cannot know what it will become while hurtling through other people’s hands. It has no say in who is pressing it in, by what it is being heated, or why it is folding into and around itself. If clay could think, this might be a shame. Like humans, that which is maleable will undoubtedly preoccupy over its desired shape, ignoring the boundaries set by foreign fingers surrounding it entirely, creating its grooves.
sees potential in all that is raw. For instance, there is earthenware, desired for its basic convenience, porous, and with a muddy sort of warmth. Or porcelain, which is stubborn but sturdy, and as light as it is hard. Clay can only sit in waiting to tell a story from its author. But a sculptor can be discerning and resourceful, and playful, interplaying between warmth and light and the gray that exists in between them — figuratively and literally. Total malleability is the sculptor’s tool.
It is a markedly human quality to reshape the very ground on which we walk on into our own image.
retains a say in the sculptor’s ambitions. Clay is borrowed Earth. When it is merely touched by the liquid pouring down from the sky, it dissolves and strays from the sculptor’s image. It can seep into its foundation and crack its walls. On the other hand, the proper amount of fire rising through the core of the clay will solidify the sculptor’s intent for everyone to see, or utilize, or even break on their own (who needs nature’s help?).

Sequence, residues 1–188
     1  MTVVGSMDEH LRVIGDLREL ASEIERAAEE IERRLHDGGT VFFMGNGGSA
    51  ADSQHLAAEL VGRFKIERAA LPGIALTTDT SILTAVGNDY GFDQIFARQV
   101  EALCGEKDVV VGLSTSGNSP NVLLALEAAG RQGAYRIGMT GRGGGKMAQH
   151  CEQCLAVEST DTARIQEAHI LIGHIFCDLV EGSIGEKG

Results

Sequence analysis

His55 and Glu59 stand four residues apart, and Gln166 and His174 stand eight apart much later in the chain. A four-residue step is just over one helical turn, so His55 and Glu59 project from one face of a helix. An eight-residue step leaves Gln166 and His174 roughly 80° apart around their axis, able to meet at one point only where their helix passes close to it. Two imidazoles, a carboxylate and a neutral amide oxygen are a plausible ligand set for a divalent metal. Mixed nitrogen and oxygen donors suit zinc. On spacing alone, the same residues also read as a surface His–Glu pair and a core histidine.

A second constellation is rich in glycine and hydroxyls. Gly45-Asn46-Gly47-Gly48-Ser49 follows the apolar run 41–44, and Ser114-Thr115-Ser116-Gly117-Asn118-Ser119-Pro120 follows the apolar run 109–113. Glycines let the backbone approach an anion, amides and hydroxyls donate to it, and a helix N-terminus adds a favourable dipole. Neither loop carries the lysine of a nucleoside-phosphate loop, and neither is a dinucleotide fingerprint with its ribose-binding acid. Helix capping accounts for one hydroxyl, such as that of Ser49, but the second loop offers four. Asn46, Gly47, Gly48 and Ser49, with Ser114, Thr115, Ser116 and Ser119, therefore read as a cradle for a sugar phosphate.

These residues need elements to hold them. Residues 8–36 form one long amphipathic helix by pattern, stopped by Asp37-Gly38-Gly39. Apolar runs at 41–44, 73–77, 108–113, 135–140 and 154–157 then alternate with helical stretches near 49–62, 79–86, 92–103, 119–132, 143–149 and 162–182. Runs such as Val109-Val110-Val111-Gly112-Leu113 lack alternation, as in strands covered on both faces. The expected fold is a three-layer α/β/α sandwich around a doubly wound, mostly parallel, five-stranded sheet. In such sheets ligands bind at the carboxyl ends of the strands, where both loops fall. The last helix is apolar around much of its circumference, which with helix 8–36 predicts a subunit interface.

forced to be both clay and sculptor to myself, defining and designing the elements that make me up through no fault of my own. I push me, and I feel me. My body is many things, muddled in its attempted warmth, gray in its impurities, and it is sturdy, but fragile. I have emerged from the world around me, and I desire to pave a way forward for me to walk in my own image.
takes hold, even after being rained on, cracked, and hardened. I am molded by my own fingers running through my own grooves, but I have no say who forces them in, or what gives me heat, or why I am folding into and around myself. It is a shame I preoccupy over my eventual shape; I am maleable, continually broken into pieces, mixed by water, molded again and again and again, a figure of me, molded from a figure of you.